Persona O’Neill

Essena O’Neill. When you hear this name now what bell does it ring? I hate that I linked a wikipedia page to her name but honestly, the girl we all thought we knew, has vanished. Essena, in late 2015 ‘quit’ social media due to the persona she created overwhelming her, leaving her feeling isolated and alone. She created an online presence that portrayed her to be always effortlessly happy and healthy not to mention flawlessly beautiful. Essentially, Essena was seen by her audiences to be the ‘perfect’ girl with the ‘perfect’ life that everyone thought was just ‘goals’. This all came unstuck when she decided it just was not her anymore, and so a new persona arose…

Essena showcases the downside of creating an online persona, one that is so far from the truth it was exhausting to keep up. In her series of photos (which are posted below) she highlights that in order to fit into her own fictional ideals she would often not eat and describes her use of social media to be an “addiction”. O’Neill openly admits “I now wish I wasn’t wearing such a mask”. She used social media platforms, especially Instagram completely to her advantage with clever use of paid promotions, editing, hashtags, demonstrating values her followers aspired to etc.  Then, she tore her own persona to shreds…. Makes me wonder, was she really just building a new online face?

Creating an online persona can be a dangerous game, however I believe we all do it to a certain degree. For instance, I know I would never post an unflattering image of myself online or hashtag anything that might paint me as a less than perfect person. With the exception of an experimental Instagram I share with some friends called “theflippedside” where we aim to post snapshots of our real lives. Let’s take a moment to contrast the two.

Obviously the pictures of me between these two accounts vary greatly! The persona I project on my own Instagram is that of a very happy young woman with great friends and family; a social being. The other account is reality, I am not ashamed to admit I have blemishes, I dropped a smoothie on my foot or that most days I stay in my pyjamas. That certainly doesn’t mean I want to post it online though! ‘The flipped side’ highlights that whether we realise we are doing it or not, everyone has an online persona that emphasises the good and omits the average and hides the bad.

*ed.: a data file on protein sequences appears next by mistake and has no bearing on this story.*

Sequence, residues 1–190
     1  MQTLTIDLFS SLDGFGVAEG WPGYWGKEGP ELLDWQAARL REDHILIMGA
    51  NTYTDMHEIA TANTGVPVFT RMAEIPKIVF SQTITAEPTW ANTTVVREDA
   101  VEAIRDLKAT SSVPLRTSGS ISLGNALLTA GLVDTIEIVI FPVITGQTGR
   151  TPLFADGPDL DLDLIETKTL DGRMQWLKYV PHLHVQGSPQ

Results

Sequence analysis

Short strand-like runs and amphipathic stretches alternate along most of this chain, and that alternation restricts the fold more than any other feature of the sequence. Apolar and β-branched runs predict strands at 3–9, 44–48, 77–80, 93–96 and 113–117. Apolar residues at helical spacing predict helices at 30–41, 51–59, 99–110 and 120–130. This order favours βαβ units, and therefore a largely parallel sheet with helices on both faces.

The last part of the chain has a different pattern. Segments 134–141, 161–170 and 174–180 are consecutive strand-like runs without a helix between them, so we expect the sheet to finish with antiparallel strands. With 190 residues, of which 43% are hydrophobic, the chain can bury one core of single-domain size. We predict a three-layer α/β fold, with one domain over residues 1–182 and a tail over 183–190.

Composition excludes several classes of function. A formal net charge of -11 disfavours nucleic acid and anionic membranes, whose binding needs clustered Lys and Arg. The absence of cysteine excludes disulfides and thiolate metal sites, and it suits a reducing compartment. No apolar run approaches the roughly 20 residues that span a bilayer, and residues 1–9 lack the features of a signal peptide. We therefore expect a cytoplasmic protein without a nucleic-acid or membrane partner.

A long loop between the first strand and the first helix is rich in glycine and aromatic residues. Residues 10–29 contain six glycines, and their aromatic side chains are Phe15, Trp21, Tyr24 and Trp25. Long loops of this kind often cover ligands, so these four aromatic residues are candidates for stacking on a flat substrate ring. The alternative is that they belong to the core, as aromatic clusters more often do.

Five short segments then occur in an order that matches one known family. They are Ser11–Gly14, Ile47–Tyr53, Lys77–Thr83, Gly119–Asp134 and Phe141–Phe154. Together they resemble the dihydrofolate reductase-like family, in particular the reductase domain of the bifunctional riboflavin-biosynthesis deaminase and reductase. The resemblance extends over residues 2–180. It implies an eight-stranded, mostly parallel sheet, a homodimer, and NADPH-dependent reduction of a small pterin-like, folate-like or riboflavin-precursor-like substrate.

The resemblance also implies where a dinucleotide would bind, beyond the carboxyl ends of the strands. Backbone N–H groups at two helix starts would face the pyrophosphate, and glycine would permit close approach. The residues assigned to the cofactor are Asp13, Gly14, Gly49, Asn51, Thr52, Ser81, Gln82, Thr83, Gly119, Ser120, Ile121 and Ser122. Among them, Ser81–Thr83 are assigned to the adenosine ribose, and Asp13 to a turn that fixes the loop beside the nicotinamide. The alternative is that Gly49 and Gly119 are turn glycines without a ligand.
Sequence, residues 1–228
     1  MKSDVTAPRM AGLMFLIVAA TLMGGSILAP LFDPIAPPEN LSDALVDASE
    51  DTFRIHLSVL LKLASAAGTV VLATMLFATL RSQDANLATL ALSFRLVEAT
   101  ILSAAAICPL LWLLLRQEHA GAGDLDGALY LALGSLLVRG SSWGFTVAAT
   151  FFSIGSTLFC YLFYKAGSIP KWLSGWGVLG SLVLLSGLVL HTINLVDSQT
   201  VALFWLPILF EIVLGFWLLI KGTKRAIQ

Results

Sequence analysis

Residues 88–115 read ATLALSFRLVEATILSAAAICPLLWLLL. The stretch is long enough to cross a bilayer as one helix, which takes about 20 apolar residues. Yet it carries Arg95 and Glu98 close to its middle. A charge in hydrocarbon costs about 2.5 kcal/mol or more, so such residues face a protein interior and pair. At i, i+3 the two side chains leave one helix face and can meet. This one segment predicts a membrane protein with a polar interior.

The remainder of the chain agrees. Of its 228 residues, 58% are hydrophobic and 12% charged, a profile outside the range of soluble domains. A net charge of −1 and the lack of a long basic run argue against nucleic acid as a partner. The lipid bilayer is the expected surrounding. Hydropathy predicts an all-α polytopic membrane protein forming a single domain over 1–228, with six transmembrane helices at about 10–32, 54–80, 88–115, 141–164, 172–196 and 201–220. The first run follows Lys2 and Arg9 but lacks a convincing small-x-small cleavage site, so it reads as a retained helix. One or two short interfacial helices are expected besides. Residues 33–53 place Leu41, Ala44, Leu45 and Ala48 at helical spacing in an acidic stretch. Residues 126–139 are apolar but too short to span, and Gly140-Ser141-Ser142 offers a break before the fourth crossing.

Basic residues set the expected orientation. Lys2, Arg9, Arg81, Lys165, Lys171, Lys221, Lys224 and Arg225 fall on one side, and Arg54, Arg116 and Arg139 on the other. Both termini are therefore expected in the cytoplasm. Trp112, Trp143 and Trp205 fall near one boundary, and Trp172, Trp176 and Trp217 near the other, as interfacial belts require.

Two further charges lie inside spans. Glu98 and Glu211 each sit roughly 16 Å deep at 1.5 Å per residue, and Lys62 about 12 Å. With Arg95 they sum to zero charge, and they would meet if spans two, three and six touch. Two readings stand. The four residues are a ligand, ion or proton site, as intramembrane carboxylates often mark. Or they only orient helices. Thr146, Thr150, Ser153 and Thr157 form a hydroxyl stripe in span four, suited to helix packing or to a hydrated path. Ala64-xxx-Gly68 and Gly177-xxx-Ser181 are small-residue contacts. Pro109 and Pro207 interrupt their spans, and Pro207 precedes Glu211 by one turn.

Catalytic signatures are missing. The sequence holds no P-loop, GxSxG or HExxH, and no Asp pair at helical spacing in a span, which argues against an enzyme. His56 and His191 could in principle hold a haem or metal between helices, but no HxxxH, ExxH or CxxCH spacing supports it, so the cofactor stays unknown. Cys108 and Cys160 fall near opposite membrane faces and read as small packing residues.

(just saying^^)


13 thoughts on “Persona O’Neill

  1. Hi Brittany! This post is fantastic. You’ve used a fantastic example from a world that I really don’t know a lot about and have highlighted how disparate ones online and real-world personas can be. It absolutely challenges the notion that an online persona is in some way a representation of the “true” self, because often the narrative runs a little away from the true person. The personal touch from your own point of view at the end is a great way to wrap up too, although I generally try to avoid it myself. Great work! If you’re into exploring this idea more, the podcast Dude Soup covered this idea this week.

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  2. Hey Brittany! Your post exemplified the idea of an online persona. I remember sitting with my friends at recess at school and trawling through Essena O’Neill’s Instagram when she decided to quit social media, however like you I suspected she was creating a new online face by using her emotional YouTube video to promote her website Let’s Be Game Changers (which now remains completely blank). Essena also stated she wanted to write a satirical book about her experiences becoming social media famous, an idea that just creates a different mask. Check out this Time article where Essena had spoken for the first time since she had reedited her Instagram captions and her YouTube channel